"There is no way that firing a missile at a civilian home can constitute an effective 'warning,'" Philip Luther, director of the Middle East and North Africa program at Amnesty International, wrote in a report on the 2014 conflict.
The UN report said civilians were often confused as to what to do after hearing the first bomb go off.
"In a number of incidents examined, the concerned persons either did not understand that their house had been the subject of a "roof-knock", or the time given for evacuation between the warning and the actual strike was insufficient," the UN report said.
The report highlighted the death of 19 people from one family who the UN said were given only a few minutes to evacuate in the early hours of the morning after a roof-knock strike woke them up.
The UN also faulted the Israelis for failing to re-examine the effectiveness of roof knock warnings as the civilian toll continued to mount.
"The limited effectiveness of the above-mentioned precautionary measures must have become abundantly clear in the early days of the operation, given that many buildings were destroyed, together with their inhabitants."
US Air Force General Gerstner said the US military did not receive any training from the Israelis on the use of the roof knock method, and said it was just one of several ways commanders were trying to minimize civilian casualties.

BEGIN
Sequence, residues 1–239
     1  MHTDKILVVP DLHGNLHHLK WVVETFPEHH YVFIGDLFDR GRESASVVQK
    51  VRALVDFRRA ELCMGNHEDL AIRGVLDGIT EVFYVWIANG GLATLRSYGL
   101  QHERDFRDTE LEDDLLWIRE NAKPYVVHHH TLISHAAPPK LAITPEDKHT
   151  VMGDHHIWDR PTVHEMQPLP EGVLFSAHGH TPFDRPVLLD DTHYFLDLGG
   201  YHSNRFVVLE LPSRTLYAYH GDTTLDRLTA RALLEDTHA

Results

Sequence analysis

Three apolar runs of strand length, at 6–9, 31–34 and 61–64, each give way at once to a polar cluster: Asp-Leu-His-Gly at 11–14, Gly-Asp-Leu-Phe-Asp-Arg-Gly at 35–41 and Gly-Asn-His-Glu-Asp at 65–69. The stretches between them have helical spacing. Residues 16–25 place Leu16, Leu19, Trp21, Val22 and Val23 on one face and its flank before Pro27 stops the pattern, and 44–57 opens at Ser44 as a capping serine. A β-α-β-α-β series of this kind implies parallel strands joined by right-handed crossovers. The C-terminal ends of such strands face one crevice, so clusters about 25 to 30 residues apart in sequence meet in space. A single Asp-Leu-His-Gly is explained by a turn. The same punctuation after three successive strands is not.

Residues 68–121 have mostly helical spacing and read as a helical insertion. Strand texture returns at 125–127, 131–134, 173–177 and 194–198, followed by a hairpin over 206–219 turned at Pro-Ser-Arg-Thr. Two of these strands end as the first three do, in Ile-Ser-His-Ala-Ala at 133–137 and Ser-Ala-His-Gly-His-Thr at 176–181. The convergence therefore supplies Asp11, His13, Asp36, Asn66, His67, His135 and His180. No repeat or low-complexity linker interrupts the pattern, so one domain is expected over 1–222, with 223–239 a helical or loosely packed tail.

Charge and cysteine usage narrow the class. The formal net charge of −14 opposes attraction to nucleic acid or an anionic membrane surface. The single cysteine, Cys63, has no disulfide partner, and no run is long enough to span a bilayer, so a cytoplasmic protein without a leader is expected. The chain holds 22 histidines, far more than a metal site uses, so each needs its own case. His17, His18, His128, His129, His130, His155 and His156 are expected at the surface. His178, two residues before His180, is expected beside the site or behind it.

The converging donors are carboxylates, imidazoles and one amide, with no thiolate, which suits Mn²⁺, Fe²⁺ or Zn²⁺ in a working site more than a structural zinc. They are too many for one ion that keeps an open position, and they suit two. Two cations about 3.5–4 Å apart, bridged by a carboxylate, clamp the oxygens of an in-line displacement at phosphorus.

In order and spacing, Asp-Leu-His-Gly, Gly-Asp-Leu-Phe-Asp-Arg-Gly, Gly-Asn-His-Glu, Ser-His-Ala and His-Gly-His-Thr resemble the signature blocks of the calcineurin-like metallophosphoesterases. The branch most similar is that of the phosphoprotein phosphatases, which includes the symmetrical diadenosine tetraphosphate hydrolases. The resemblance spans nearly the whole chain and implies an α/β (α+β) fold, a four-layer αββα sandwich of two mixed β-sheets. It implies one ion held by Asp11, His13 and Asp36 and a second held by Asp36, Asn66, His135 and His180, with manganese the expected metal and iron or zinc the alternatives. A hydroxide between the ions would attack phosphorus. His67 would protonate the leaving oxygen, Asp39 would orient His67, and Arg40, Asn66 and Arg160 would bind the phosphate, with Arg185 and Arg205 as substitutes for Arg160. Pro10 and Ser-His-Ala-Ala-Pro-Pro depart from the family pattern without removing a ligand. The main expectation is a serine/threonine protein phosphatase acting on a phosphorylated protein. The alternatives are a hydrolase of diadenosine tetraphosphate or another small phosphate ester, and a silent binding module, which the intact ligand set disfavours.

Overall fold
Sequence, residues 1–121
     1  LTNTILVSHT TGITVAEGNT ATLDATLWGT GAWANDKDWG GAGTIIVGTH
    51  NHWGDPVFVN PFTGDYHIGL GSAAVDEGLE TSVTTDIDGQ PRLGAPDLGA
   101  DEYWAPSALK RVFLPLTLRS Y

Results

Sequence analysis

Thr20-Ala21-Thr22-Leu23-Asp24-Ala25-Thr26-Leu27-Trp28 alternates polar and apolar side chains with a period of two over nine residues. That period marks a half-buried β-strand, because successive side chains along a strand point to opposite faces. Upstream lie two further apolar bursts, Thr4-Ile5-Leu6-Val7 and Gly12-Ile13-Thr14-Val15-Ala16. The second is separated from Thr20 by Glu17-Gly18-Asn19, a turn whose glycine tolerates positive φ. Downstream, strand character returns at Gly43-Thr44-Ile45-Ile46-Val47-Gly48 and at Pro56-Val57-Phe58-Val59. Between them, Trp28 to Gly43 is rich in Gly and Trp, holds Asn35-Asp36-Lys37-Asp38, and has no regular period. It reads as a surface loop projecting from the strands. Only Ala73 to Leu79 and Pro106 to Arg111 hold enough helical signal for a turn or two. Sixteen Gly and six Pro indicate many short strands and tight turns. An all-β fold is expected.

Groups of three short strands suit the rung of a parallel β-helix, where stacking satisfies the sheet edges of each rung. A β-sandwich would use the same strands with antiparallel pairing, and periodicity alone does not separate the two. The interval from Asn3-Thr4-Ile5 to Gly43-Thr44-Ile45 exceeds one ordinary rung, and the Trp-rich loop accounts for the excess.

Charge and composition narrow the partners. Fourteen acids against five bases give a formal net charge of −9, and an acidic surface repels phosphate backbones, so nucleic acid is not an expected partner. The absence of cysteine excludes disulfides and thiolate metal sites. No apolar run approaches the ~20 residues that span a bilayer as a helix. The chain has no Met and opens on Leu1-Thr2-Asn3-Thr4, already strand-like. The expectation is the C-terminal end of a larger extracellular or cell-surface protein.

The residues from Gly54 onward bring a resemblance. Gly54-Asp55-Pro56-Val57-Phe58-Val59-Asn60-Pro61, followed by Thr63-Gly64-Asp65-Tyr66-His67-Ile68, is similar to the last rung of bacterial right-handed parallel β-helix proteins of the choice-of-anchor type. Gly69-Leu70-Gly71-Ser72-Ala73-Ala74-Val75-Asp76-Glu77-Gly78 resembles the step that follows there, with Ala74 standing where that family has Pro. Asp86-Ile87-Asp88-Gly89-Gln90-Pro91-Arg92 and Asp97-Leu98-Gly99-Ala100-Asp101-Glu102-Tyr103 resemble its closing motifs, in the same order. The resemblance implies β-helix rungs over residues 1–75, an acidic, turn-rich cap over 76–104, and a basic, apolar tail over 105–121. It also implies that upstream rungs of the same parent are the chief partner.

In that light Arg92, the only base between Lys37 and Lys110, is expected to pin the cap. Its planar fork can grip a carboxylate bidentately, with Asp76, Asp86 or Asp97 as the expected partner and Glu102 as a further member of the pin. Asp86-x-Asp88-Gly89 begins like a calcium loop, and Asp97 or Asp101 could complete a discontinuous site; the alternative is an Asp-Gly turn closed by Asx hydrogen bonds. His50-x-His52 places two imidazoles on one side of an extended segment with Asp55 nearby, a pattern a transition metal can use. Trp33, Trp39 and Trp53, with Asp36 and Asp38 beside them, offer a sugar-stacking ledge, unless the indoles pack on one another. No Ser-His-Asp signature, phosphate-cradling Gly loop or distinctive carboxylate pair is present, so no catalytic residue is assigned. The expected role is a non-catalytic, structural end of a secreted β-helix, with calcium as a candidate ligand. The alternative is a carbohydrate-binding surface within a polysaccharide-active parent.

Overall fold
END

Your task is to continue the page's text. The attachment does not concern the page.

Air Wars Director Chris Woods said that while he appreciated the US military's efforts to try to limit the civilians killed in operations in Iraq and Syria, the use of the roof knock on the house in Mosul did not seem well planned.
"This is first time this has ever been used by the coalition, and the civilians would not have had any idea what that meant — on this occasion it would not have been helpful," he said.
He also pointed out that the Israelis tend to use a non-explosive missile or a missile carrying a small explosive to deliver the roof knock, as opposed to the US military's use of a Hellfire missile.
"It doesn't sound like any roof knock the Israelis would do — a small inert bomb vs. a 100-pound Hellfire missile," he said. "How is a woman supposed to know what that was? I get why they did it, but I also understand why she thought the attack was over and went back into the house."
Woods said that dropping leaflets, phone calls, and text messages are more effective at informing civilians about an impending strike. He also said that the civilian casualties are only likely to increase as the Iraqis, Kurds, and US-led coalition forces use artillery and airstrikes to begin the offensive to drive Islamic State out of Mosul, Iraq's second largest city, where 1.5 million people live.
"We are really in the most dangerous phase of the air war where as civilians are concerned — with the two population centers of Raqqa and Mosul being bombed so heavily — and we are on target for this to be one of the worst months for civilian casualties," Woods said.
Gerstner said the US military may use the roof knock tactic again in the future should the opportunity arise.
Follow Benjamin Gilbert on Twitter: @benrgilbert